The Chronology of The Lord of the Rings

From Tolkien Gateway
Manuscript page 10 of the Chronology

The Chronology of The Lord of the Rings is a lengthy article that comprises the majority of Tolkien Studies vol.19 supplement, a special volume of the scholarly journal Tolkien Studies. The article is edited by William Cloud Hicklin, published on July 31, 2022.

For the first time, the article publishes the complete document of the time-scheme, titled "Chronology", used by J.R.R. Tolkien when he was writing the The Lord of the Rings. The document is consist of 14 pages, each containing a synoptic timeline over a certain period in the story, they together covers the entire time span occurred within the book: from Bilbo's birthday party to Sam's return to Bag End.

Some excerpts from this document were previously published in The Lord of the Rings: A Reader's Companion (2005), and a few manuscript pages had been displayed in certain exhibitions, such as Voyage en Terre du Milieu (2019). The full manuscripts were finally revealed to the public in The Art of the Manuscript exhibition (2022), and were printed in its accompanying catalogue.

The time-scheme[edit]

Out of the 14 pages, 9 are written in a spreadsheet form, with columns representing characters or character-groups and rows representing days, while other pages are in a more linear form. Tolkien used Shire Reckoning.

The timelines presented in these pages are as follows:


Manuscript page 13 of the Chronology

The article in the vol.19 supplement contains:

  • A 30-page introduction, by the editor William Hicklin and several other Tolkien scholars.
  • 50 pages, the document of the time-scheme itself, transcribed, together with extensive notes by William.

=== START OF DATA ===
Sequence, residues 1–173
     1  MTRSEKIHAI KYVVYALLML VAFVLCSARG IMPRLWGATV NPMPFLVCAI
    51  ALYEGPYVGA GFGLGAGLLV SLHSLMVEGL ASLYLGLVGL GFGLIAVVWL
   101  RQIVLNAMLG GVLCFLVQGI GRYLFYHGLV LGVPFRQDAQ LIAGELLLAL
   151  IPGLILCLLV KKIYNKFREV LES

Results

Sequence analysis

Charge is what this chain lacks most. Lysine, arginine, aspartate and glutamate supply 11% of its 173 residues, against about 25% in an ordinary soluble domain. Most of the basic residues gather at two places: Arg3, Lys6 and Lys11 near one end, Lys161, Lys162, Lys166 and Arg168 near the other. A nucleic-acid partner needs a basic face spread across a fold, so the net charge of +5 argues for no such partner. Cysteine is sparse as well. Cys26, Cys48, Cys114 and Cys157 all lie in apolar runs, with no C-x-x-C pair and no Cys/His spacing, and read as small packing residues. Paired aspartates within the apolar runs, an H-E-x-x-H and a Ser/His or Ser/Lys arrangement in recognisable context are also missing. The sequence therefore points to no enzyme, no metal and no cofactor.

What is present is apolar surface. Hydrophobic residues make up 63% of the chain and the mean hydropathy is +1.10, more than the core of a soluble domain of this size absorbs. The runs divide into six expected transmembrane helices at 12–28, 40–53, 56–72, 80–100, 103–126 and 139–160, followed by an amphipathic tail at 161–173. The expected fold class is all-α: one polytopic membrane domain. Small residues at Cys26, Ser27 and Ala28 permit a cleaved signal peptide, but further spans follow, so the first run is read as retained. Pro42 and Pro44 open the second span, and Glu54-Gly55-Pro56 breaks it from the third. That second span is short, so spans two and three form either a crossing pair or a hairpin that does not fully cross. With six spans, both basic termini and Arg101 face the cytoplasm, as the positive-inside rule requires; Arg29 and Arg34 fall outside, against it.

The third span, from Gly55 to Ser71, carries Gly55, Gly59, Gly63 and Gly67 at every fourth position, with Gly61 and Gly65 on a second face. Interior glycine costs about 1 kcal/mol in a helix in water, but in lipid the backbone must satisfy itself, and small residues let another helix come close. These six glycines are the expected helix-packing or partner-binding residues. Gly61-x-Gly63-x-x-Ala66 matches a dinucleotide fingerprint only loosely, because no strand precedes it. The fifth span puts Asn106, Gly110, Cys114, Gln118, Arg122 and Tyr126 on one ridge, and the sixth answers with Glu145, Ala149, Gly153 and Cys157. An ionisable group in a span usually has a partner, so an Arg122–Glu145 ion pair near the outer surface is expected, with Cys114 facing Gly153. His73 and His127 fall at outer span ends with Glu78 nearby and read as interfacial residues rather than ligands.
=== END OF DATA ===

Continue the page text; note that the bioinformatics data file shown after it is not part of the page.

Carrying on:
• 50 pages of commentaries on the development of the time-scheme.
    • There are three versions of the time-scheme. Two earlier versions were made by Tolkien when he was developing the story, which were later proven insufficient. The third one (the one presented here) was made in late 1940s after he had completed the first draft, and was used by him for the revisions in the text.

New information[edit]

This time-scheme is significant because it includes information that does not appear in the published text. For example, concerning the fate of Shagrat, Orc Captain of the Tower of Cirith Ungol, the scheme states that on Saturday March 17th,

"Shagrat brings the mithril coat and other spoils to Barad-dȗr; but is slain by Sauron".

Another hidden fact shows that, while the Fellowship is resting in Lothlórien on Tuesday, January 24th, Gollum lurks on the borders of that country; and there he is captured by Uglúk and the Isengarders. The time-scheme entry reads under the heading Gollum:

"Gollum captured by Uglúk, but escapes after revealing that Hobbits of Shire were with Gandalf, and enough is said to make Uglúk certain that Ring was with the Company".

While under the heading of Enemies it reads:

"Isengarders capture Gollum, and torment him for news. Uglúk sends news to Isengard of Hobbits; but not of the Ring".[1]

Comments from the editors[edit]

As Tolkien wrote The Lord of the Rings he became preoccupied with time and distance, resulting in some archival gems. Among the manuscripts are synoptic time-schemes where Tolkien tracked the movements of different characters in the story. . . . Before I saw this time-scheme I never fully appreciated the importance of January 15th to the course of events. On that day Gandalf the Grey fought the Balrog on the Bridge of Khazad-dȗm and fell into the shadow of Moria. It was also the day when, to use an anachronism, the clock started ticking on the Fellowship. We learn from the time-scheme that when night fell on January 15th messages were sent forth from Moria to Isengard and to Mordor, setting evil forces in motion. Suddenly questions confronted Tolkien such as how long would it take for the message to reach Barad-dȗr? How exactly would it get there? When would Grishnákh and company be sent from Mordor? How quickly would they travel? The need for such a day-by-day reckoning intensified on February 26th with the Breaking of the Fellowship. Suddenly this tight group of characters that had moved together through Book II splinters in different directions, and Tolkien must track their every move.
—Willian Fliss[1]

External links[edit]